Lot 3406 - A189 PostWar & Contemporary - Saturday, 29. June 2019, 02.00 PM
The authenticity of the work has been confirmed by Castor Seibel, Comité Fautier, Paris, 24 April 2018 (there dated 1947).
- Alexander Iolas Gallery, New York (verso with the label).
- Auction Sotheby's London, 25 March 1999, Lot 52.
- Private collection Germany.
- Purchased from the above by the present owner, since then private collection Switzerland.
- Jerusalem, The Israel Museum (verso with the label).
- Winterthur 2017, Jean Fautrier. Kunstmuseum Winterthur, 26 August - 12 November 2017, p. 137 (verso with the label, with colour ill.)(deviant dating).
- Paris 2018, Jean Fautrier, matière et lumière. Musée d'Art moderne de la Ville de Paris, 26 Januar - 20 Mai 2018, p. 157 (with colour ill) (deviant dating).
“I was born on 16 May 1898 in Paris, my parents both came from Béarn – my maternal grandmother was Irin, she idolised me despite my totally impossible character. It was she who looked after me, until the day, without understanding why, I saw her lying in bed. A few days later she died, although day after day I waited to resume our trips together (...). From that day on I was entrusted to the care of nannies from various countries – I barely saw my mother, she led a very glamorous life, and my father was too taken up with his businesses. Every now and again I got to see them briefly – my character had hardly changed. (...) A little later my father died suddenly of a heart attack and once again my life was to change radically. My desperate mother wanted a change of scene and travelled to London in order to settle there: she only arranged for me to join her three months later – I was eleven. Until my father’s death, no one had ever considered anything but a future in commerce for me. Even then I liked to draw (...) and finally understood that I would like to paint: art had an irresistible attraction for me. My mother did not resist these early signs, and so I attended a drawing and painting school. After a year I was considered a kind of prodigy and was admitted to the Royal Academy in London, a rarity at the time, since there were only around twenty pupils. I was fourteen. Everyone was thrilled.” (From: extracts from a letter from 1944 from Jean Fautrier to Jean Paulhan).
On these early foundations, Jean Fautrier built his career as an artist. He is now considered one of the most important Post-War artists and he played an extraordinary role in French painting. After attending the Royal Academy of Arts and then the Slade School of Arts, he was to follow his own path consistently throughout his life. “I refuse to join any school, Cubist or otherwise. I appreciate that Cubism is a done deal, and that Surrealism, which was then in fashion, is equally so: I would even say it was a done deal from the outset.” (Lescure, Jean. En écoutant Fautrier, 1999, p.15)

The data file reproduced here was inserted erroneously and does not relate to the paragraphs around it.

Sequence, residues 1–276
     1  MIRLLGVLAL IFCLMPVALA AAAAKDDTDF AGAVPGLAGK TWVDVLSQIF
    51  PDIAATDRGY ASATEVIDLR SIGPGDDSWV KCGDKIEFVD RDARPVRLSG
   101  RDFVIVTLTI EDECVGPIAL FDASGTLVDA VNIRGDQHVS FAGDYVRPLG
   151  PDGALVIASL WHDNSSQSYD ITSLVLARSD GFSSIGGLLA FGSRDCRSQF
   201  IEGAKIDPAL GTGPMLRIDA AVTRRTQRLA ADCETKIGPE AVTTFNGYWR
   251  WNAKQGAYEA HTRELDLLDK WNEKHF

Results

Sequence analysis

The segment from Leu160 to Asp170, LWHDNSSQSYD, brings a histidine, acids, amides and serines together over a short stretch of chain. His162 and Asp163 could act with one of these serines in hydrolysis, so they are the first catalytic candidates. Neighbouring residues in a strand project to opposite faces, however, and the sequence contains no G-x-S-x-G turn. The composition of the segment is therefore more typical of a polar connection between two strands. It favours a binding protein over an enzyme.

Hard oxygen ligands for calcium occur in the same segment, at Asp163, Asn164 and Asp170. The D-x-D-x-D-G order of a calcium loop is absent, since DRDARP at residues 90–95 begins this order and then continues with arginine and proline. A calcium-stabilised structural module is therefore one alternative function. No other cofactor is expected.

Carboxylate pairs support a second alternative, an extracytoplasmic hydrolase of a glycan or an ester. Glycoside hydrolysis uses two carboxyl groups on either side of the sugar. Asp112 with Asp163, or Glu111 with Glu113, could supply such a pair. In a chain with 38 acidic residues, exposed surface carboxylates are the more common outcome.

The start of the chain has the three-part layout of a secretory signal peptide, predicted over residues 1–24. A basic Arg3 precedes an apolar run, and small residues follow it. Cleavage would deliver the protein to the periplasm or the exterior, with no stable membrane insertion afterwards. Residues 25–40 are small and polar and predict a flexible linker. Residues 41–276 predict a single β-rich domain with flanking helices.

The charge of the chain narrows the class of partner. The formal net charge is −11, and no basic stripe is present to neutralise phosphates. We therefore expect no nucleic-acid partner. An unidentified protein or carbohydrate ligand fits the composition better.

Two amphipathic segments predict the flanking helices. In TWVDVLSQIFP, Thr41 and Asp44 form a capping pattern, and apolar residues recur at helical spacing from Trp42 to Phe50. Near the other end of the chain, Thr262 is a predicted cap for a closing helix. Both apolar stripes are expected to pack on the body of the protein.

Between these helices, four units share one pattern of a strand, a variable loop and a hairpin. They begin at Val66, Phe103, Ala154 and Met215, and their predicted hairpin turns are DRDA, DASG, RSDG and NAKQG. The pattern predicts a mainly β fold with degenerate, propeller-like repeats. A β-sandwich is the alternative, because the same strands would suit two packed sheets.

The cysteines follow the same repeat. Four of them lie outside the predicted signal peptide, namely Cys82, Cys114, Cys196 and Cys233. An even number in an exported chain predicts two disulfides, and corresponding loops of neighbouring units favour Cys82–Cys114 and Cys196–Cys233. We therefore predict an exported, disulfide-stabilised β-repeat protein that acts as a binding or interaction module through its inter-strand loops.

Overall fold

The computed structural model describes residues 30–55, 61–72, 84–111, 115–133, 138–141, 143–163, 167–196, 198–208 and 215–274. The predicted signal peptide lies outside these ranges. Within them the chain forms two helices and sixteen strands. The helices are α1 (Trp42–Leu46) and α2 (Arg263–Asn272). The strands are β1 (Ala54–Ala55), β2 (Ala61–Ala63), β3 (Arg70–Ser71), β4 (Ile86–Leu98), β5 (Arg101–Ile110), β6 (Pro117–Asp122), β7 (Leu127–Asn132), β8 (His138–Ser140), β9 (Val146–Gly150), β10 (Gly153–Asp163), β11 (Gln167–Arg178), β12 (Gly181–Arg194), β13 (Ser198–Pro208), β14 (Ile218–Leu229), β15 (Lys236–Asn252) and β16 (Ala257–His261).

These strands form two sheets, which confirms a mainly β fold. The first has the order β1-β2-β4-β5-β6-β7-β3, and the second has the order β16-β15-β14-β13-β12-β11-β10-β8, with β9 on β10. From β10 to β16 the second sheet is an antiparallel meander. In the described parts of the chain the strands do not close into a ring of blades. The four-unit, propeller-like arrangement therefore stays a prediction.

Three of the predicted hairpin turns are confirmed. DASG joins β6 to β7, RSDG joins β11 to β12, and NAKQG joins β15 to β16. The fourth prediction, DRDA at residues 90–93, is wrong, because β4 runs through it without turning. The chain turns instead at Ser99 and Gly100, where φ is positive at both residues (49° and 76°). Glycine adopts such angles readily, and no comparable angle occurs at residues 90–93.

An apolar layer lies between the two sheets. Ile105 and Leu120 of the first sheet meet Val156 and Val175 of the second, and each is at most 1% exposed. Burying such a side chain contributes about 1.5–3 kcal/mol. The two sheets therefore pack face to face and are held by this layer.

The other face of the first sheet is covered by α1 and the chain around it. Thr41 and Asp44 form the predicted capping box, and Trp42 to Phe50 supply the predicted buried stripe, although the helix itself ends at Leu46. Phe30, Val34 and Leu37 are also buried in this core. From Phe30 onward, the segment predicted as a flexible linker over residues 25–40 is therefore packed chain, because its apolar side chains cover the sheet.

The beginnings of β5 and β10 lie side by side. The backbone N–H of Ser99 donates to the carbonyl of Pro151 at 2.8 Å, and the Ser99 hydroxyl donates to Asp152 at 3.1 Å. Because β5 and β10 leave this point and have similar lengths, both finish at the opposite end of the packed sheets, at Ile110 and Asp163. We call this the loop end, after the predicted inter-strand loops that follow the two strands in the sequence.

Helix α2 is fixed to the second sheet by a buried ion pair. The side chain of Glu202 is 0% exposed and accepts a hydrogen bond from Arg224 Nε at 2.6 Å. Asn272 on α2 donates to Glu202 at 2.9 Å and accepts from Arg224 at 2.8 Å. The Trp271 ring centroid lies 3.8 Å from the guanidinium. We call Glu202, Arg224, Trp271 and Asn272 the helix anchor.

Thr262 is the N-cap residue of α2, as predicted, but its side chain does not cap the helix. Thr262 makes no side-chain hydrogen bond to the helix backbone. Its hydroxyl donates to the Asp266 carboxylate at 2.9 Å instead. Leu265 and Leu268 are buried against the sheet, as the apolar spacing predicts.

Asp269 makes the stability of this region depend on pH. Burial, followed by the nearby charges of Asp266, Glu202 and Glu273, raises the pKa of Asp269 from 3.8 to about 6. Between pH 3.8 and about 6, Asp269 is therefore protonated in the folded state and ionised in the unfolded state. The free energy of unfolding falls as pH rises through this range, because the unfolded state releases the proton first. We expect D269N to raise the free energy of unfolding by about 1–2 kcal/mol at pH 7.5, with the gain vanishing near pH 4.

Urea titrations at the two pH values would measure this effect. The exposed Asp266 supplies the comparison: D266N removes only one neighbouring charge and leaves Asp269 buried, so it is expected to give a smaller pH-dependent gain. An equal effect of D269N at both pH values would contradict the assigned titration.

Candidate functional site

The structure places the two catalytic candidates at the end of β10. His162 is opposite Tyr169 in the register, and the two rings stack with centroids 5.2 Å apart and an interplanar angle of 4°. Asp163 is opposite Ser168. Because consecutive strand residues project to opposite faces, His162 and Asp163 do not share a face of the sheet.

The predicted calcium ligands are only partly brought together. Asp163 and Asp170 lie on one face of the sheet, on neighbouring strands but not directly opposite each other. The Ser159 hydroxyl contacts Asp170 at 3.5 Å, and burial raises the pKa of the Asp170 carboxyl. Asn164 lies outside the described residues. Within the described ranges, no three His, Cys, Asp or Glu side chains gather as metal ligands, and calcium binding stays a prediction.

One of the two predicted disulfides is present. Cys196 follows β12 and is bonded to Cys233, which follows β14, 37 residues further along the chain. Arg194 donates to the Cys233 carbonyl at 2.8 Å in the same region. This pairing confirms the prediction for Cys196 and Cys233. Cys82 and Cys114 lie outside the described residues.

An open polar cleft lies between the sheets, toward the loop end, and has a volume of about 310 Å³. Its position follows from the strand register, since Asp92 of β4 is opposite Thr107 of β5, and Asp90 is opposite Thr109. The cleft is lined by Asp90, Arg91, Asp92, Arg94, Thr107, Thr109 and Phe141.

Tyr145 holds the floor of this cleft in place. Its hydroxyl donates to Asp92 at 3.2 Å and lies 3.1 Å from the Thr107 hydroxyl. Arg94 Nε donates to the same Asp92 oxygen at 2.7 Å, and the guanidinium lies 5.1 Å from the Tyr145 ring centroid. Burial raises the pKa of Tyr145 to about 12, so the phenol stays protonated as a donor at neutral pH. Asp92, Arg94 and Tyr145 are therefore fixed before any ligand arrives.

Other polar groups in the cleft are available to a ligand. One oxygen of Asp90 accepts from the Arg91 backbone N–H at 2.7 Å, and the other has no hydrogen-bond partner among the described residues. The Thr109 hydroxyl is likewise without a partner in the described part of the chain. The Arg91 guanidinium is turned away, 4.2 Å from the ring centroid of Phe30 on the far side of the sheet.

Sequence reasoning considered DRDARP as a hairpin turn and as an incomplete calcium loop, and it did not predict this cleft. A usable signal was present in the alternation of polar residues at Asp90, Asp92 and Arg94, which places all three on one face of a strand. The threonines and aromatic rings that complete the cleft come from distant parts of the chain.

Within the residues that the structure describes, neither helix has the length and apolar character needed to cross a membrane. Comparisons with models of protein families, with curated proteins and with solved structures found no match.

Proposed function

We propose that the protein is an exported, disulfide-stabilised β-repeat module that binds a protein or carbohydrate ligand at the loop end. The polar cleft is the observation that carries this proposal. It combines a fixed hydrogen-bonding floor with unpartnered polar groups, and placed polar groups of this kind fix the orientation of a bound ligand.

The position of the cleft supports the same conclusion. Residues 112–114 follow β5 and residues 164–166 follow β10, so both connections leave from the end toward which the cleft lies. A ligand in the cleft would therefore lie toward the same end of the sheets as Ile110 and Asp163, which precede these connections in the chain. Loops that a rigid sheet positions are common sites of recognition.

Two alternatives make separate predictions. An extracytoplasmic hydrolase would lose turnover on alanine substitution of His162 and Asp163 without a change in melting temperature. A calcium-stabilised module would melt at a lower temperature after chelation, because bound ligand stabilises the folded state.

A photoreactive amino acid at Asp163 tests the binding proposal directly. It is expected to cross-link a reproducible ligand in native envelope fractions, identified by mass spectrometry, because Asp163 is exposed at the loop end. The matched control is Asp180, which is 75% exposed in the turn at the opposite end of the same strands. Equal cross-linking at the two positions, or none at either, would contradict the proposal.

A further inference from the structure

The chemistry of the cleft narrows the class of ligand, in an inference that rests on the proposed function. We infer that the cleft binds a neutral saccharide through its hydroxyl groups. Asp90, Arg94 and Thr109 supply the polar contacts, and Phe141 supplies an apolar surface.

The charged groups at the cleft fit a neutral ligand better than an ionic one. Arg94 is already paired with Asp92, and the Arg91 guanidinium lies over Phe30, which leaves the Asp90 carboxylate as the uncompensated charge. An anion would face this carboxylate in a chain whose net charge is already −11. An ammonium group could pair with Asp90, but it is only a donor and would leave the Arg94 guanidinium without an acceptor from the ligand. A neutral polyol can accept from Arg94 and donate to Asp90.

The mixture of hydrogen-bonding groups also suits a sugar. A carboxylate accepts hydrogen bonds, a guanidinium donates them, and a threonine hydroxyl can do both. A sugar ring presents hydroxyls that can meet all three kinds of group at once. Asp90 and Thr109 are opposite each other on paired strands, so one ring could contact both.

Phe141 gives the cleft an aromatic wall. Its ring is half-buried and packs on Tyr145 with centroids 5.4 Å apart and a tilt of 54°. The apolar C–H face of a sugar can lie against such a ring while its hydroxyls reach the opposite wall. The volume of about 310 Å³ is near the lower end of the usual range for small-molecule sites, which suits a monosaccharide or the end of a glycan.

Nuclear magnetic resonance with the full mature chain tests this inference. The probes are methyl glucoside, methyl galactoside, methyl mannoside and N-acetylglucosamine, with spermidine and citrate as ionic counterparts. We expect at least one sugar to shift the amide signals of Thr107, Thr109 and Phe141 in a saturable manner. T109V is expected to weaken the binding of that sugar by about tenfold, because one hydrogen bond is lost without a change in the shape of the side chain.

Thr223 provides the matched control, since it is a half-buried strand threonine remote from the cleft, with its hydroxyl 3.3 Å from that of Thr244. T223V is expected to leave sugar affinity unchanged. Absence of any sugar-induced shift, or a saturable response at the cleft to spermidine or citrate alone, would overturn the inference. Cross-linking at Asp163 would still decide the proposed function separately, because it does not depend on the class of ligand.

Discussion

In his lifetime, the leading intellectuals of his era referred to him as the epitome of French art in the first half of the 20th century. Today he is identified as the most important founder of Informel art.
His first commercial successes came in 1927 with his series of “black pictures” characterised by an almost monochrome palette. On an anthracite and black background barely recognisable hunting still lifes, figures or plants emerge. The transitions to the dark background are unclear and the objects seem to manifest themselves only briefly. After the economic crisis and a break for health reasons he began to paint again at the end of the 1930s. His objects take on an increasingly subtle form, since they can only be recognised through their outlines. From then onwards his works are characterised by an increasingly gestural style, and he sought in his works the maximum reduction, concentrating on the essence of the object.
In the final years of the war, he developed the style which would prevail from that point onwards: as pictorial support he used sheets of wove paper laid on canvas. The canvas was laid horizontally on a table and he applied a warmed fine white paste with a spatula. He worked the product until an outline and a sculpture of his object came to light. He then sprinkled colour pigment over this and mixed it into the product, partly with a brush. His works were henceforth characterised by a white background, on which he applied intensely coloured pigments such as blue, green, yellow or orange. The forms of his objects, landscapes, still lifes (flowers or everyday objects) appear to dissolve in the mass, but the essential quality of the subject remains.
The work presented here from 1947, “La Passoire”, is a wonderful example of the painting technique and style which he developed, and which was first referred to in 1951 by the art critic Michel Tapié as ‘Art Informel’. The painting “La Passoire” also illustrates precisely the definition of Informel given by Hans-Jürgen Schwalm: “By freeing colour from the shackles of predetermined form and by opening up the picture to spontaneous, gestural, eruptive action, the traditional concept of the image is overcome. The artist no longer composes according to a previously planned outcome. Instead he allows the dynamic processes to become visible: he captures the act of painting itself in the moment of highest concentration as a trace of movement in the picture, or makes colour the central theme as material, in order to set it free from all associations of form or connection to an object.” (quote: www.stiftung-informelle-kunst.de)
CHF 100 000 / 200 000 | (€ 103 090 / 206 190)
Sold for CHF 207 700 (including buyer’s premium)
All information is subject to change.